interviews

I went to Boston on Wednesday last week for an interview that I had at a community health center in the city. I got a call the same day from Red Hat asking if I wanted to come in for an interview the next day, so I told them "Of course!"

the interview went great! I had the most fun I've ever had interviewing. I got to meet a bunch of cool guys and I had a blast chatting with them, about all sorts of stuff. they had me show up at 10AM and I was supposed to be done by 3, but they kept me until a little after 4. which hopefully is a good sign, but I don't want to get my hopes _too_ far up.

the hospital was basically a dead end, though. they don't have any positions for the IS department, but they swore that they would call me as soon as they do. they did seem to be pretty impressed though, so I think it went well even if nothing comes of it. it's experience, anyway. which is always good.


qotd

today's quote (from Tia):
"hell if i would have known that you were moving i would have handcuffed you to a bed and stuck you in a basement somewhere so you couldn't leave"

good to know that I have friends who would abduct me and keep me in a basement. definitely good to know.


updates

so, where to begin - it's been way too long since I wrote anything down; my apologies to anyone out there reading but I haven't had nearly as much internet access as usual lately, and I can't seem to find any decent blogging software for OS X so I may end up having to write my own.

in other news.... Steph has decided not to move out here. shocking, I know. it's actually kind of sad, because she's really cool, and I was kinda looking forward to her moving out here. on the other hand, it's rather freeing, and I realized the other day that I'm officially more free right now, at this very moment, than I've ever been before in my life. I have no responsibilities to anyone, really - I have no obligations to maintain, no relationships holding me down or keeping me from doing what I want, and it's sort of a scary place to be. hopefully things will firm up a bit soon; it's an interesting place to be at, though.

have been going to interviews and submitting the resume at tons of places up here. no solid results yet, unfortunately.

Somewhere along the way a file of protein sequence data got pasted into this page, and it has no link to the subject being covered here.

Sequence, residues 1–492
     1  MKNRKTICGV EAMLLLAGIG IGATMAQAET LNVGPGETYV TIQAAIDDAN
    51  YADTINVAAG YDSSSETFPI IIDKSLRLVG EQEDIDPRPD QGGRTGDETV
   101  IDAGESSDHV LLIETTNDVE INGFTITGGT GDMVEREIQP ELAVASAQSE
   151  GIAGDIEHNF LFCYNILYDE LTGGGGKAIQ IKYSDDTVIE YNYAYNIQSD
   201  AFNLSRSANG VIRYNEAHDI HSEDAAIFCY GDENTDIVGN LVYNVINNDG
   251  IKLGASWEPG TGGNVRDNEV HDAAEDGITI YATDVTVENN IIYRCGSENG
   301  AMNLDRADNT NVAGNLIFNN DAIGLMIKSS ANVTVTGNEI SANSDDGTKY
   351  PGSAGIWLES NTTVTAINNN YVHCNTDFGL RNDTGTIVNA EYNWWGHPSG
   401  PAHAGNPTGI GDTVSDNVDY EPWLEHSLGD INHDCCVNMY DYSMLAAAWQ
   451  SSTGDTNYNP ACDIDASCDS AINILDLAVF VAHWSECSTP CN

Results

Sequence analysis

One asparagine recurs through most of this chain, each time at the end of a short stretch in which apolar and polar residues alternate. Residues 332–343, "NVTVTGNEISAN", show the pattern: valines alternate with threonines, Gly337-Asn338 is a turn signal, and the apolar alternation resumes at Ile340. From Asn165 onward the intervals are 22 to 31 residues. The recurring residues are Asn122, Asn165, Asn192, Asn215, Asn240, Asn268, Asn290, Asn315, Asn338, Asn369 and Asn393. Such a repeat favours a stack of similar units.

in new york

I'm finally in New York, and I've actually been here for a couple of weeks now. been a while since I updated the blog so I figured "what the hell" and decided to go ahead and post a bit of info.

the job search hasn't been too promising so far, but Syracuse is gorgeous. I really love the area, and the fact that snow is all over the place probably has something to do with it. everyone here thinks I'm insane because I love the cold; maybe I am actually crazy, but I still get a kick out of it.

haven't had much time to hack on KDE lately, what with trying to find viable employment. my aunt has this great idea that I should be the Easter Bunny or one of his assistants; I'm really not too into the idea personally, but I do have to admit that it'd probably be pretty funny if I had to resort to that. I mean, it'd suck terribly for me of course. but it'd still be hilarious, and maybe in a few years I'd be able to laugh about it. maybe.


disappointment

So, I have had a lot of respect for the GNOME hackers for a long time. I have been incredibly happy that the core hackers in each camp have got along with cheerfulness, decorum and mutual respect - even while some overzealous members of our user communities have flamed and bickered, generating this idea of "The Desktop War".

But this week, a bunch of actual GNOME developers - not random gimps being idiots - have acted like children and made everyone working on the Linux desktop look like a bunch of juveniles. I'm very disappointed.